Four star rating for authenticity

By Mike Jarrett

2019, November 1: Her majesty’s court in Falmouth commands the attention of disembarking passengers as they first set foot on Jamaican soil. It is one of the first official buildings in the Trelawny parish capital. Completed in 1815 and re-built after a fire in 1926, its Georgian architecture gives authenticity to Falmouth’s 18th Century history.

The ancient Falmouth Court House, with its ochre facade and towering pillars, dominates the Falmouth vista on arrival.

Authenticity is arguably the most valuable commodity in cruise marketing.

The falseness that sometimes characterises destination marketing does little to impress tourists and could become the focus of ridicule or otherwise earn the contempt of discerning travellers. The discerning are the ones that fill in post-trip service assessment and guest experience questionnaires.

Elsewhere in the Caribbean, there have been reports of less than complimentary utterances from cruise passengers who were welcomed on arrival and disembarkation with excitement, carnival musicians and colourful costumed dancers. But when they later returned to pier for boarding there was no sign of any such carnival activity having happened, drawing observations such as ‘carnival for tourists.’

Authenticity is truth. All else is false, fake or fabrication. And discerning travellers can tell the difference.

In Falmouth, the plan is to create an Artisan Village adjacent to the cruise port as a permanent feature of this Jamaican north coast destination. In that setting, visitors may freely interact with real skilled artisans engaged in genuine activities. And, the Jamaica government has indicated that it has plans for five such ‘villages’ to enhance its tourism product, while creating an outlet for indigenous creativity.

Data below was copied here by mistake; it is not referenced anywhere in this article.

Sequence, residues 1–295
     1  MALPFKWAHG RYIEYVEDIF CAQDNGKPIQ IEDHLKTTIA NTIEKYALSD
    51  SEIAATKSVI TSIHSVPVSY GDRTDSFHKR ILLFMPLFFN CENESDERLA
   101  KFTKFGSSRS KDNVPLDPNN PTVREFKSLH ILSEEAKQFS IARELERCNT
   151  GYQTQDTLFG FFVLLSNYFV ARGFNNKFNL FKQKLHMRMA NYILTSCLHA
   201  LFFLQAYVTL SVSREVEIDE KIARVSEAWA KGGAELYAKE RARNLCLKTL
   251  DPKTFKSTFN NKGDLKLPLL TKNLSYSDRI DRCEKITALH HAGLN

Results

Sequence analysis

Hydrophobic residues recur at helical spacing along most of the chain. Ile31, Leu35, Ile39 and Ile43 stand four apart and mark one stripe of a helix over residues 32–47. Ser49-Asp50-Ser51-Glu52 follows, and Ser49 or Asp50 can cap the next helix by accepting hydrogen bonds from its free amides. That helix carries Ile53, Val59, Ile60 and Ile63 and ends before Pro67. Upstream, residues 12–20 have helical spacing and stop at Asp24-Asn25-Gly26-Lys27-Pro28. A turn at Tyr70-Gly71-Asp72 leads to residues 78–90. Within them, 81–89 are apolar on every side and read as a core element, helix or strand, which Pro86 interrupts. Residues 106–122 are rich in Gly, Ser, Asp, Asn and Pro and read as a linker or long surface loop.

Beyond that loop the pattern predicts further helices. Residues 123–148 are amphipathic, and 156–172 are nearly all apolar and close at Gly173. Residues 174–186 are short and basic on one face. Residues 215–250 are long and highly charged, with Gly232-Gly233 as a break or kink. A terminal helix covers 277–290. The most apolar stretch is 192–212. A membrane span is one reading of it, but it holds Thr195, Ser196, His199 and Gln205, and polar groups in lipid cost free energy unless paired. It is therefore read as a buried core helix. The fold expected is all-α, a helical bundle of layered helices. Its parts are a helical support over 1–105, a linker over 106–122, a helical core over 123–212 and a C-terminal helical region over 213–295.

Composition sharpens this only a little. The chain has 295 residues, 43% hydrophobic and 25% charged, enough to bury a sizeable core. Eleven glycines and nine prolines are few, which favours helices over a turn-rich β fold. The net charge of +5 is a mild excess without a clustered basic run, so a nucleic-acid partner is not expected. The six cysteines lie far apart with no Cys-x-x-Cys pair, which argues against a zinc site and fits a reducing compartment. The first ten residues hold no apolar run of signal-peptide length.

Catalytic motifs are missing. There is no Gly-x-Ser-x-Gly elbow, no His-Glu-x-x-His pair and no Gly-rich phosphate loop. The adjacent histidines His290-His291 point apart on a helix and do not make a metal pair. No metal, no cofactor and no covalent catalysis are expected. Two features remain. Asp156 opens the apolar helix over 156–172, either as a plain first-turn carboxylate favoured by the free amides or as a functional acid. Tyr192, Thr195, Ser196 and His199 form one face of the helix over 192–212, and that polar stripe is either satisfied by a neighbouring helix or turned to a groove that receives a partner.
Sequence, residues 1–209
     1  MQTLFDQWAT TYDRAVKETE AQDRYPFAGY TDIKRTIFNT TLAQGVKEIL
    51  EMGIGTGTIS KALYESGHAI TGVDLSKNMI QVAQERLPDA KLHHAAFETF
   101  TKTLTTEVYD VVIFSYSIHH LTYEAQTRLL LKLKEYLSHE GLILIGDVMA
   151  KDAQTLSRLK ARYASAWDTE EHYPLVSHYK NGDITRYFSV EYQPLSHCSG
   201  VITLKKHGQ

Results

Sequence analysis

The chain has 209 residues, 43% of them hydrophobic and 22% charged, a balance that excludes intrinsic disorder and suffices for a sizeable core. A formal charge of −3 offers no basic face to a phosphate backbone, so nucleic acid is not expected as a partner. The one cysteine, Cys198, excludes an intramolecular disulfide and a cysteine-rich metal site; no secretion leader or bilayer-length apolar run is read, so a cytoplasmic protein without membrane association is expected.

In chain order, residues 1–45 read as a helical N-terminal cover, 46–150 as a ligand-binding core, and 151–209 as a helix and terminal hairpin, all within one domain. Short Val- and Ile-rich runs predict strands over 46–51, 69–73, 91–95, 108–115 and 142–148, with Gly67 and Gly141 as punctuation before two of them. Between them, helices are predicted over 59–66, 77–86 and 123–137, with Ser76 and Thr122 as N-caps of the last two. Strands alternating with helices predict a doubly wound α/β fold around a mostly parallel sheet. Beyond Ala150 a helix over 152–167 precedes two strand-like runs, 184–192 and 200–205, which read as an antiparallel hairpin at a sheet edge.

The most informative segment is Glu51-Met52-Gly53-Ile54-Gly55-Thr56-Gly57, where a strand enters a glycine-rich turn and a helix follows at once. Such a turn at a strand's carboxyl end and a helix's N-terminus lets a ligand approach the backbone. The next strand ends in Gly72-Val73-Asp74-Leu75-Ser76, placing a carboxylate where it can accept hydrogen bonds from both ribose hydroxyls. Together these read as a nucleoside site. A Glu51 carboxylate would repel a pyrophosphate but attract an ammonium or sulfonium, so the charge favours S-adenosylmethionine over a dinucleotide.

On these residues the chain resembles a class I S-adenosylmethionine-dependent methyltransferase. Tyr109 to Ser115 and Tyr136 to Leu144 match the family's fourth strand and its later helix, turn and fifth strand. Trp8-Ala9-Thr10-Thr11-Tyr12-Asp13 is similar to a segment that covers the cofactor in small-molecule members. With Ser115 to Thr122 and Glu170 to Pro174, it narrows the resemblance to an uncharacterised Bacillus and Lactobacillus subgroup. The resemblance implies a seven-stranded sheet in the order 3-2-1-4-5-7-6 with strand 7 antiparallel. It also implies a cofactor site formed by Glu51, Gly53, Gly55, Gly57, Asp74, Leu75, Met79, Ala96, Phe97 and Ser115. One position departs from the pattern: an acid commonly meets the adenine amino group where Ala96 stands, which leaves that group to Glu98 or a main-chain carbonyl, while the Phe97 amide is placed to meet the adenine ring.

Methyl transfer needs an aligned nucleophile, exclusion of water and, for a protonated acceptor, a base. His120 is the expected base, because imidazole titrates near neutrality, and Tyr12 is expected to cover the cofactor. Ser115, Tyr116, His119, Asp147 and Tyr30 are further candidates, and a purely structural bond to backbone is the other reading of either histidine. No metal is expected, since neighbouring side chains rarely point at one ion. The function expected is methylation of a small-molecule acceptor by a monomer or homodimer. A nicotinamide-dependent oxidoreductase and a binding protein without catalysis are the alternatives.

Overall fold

Falmouth – authentic local craft.

With financing from the government’s Tourism Enhancement Fund and implementation by the quasi-government entities Port Authority of Jamaica (PAJ) and the Urban Development Corporation, the Falmouth project was expected to be  up and functioning by the end of 2019. The US$5.7 million Artisan Village will have shops; restaurants and bars; food stalls stocked with local delights; and, there will be activities for children.

“It is going to be something quite unlike anything else in the Caribbean,” the PAJ head Professor Gordon Shirley said at the ground-breaking ceremony in March 2018.

The Hampden Wharf development will also involve the connection of the port area with the village; pavements using a mix of textures; walking paths and landscaping. And the planners promise ‘… a rich mix of retail and local eateries, craft and history’.

Development of this cruise destination has stimulated development of the historic town beyond the confines of the port. The Falmouth Streetscape Project, announced by the Jamaica government in 2014, was designed to repair and upgrade facades and surfaces on major streets in the town. Streets that were listed in this project included Harbour Lane, Falmouth Street, Market Street and Tharpe Street. The work involved repair and improvement to pedestrian paths and facades of buildings facing the port, as well as historic buildings along the trolley path. It also included resolution of vehicle parking issues.